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Leith Shipyards

A history of the Ships built at the Henry Robb Shipyard in Leith, Scotland. Also a testimony to the men who built the Ships and to all who sailed in them.
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British India Steam & Navigation Co



The M.V.SOFALA was just one of the many ships built at the Leith Shipyards of Henry Robb for the British India Steam Navigation Company (BI)

B & I history

From the

The founder of the British India Steam Navigation Company (BI) was William Mackinnon (b.1823-d.1893) who, in partnership with William Mackenzie (ca.1810-d.1853) operated as a general merchant near Calcutta.  In the mid-1850s Mackinnon, Mackenzie & Company secured the East India Company's mail contract between Calcutta and Rangoon and founded the Calcutta & Burmah Steam Navigation Company Ltd, registered in Glasgow in 1856, with a capital of £35,000.

Within five years of its foundation, the company had expanded considerably: from Burma, its ships were serving Penang and Singapore, while dozens of small ports along the Indian coast were being opened up to large-scale traffic by its service between Calcutta and Bombay.  A mail contract to cover the whole of this route was being negotiated, and a similar contract up and down the Persian Gulf was being contemplated by the Government.  In 1861 Mackinnon raised £400,000 to establish the British India Steam Navigation Company Ltd, and ordered six larger ships.  The new company, which absorbed the Calcutta & Burmah Company, was registered in Scotland in 1862.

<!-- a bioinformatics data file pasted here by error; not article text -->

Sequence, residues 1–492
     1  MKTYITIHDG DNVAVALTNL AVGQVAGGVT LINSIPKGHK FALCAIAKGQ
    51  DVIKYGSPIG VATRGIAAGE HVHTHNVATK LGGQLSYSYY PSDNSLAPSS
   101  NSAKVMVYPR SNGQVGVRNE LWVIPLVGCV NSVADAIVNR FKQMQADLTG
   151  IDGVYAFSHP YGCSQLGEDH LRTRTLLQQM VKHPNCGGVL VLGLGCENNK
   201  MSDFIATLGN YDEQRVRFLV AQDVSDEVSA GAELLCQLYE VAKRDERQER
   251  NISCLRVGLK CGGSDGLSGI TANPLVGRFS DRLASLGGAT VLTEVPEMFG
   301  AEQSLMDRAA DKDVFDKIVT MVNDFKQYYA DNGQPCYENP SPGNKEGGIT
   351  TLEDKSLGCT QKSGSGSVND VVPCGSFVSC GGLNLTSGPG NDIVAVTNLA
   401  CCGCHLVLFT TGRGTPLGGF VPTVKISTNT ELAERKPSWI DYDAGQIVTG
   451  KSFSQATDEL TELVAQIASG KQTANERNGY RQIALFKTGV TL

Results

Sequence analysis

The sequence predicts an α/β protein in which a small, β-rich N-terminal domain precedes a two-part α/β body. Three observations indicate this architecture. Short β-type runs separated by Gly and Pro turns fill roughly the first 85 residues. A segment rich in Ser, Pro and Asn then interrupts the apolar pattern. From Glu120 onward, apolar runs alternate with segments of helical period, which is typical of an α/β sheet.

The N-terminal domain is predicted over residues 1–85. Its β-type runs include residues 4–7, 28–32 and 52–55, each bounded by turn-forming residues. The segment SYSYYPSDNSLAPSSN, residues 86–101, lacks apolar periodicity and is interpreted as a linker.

The original Mackinnon, Mackenzie & Company in Calcutta continued to exist and operate as BI’s managing agents, a function which they were to fulfil for nigh on a hundred years.  BI secured a network of mail contract services – Bombay/Karachi, Bombay/Gulf, Bombay/Calcutta and Madras/Rangoon – which became the backbone of its operations.

Until the opening of the Suez Canal in 1869, BI operated exclusively in eastern waters, and thereafter the larger part of its fleet was employed in 'foreign-to-foreign' trades.  BI developed a distinctive organisational structure with the Calcutta Office having wide decision-making powers as managing agents and operators of the Eastern services.  On the next level were the principal agencies at most of the main ports (either branches of Mackinnon Mackenzie or affiliated to them) each having a large number of smaller independent agencies.  In addition there was a network of company-owned repair facilities at Garden Reach Workshops in Calcutta or Mazagon Dock in Bombay where all but the most complicated repairs and overhauls were carried out.  There was a board of Directors in the UK and the Company Secretary, based in Glasgow until 1892 and thereafter in London, was the liaison between them and the management in Calcutta.

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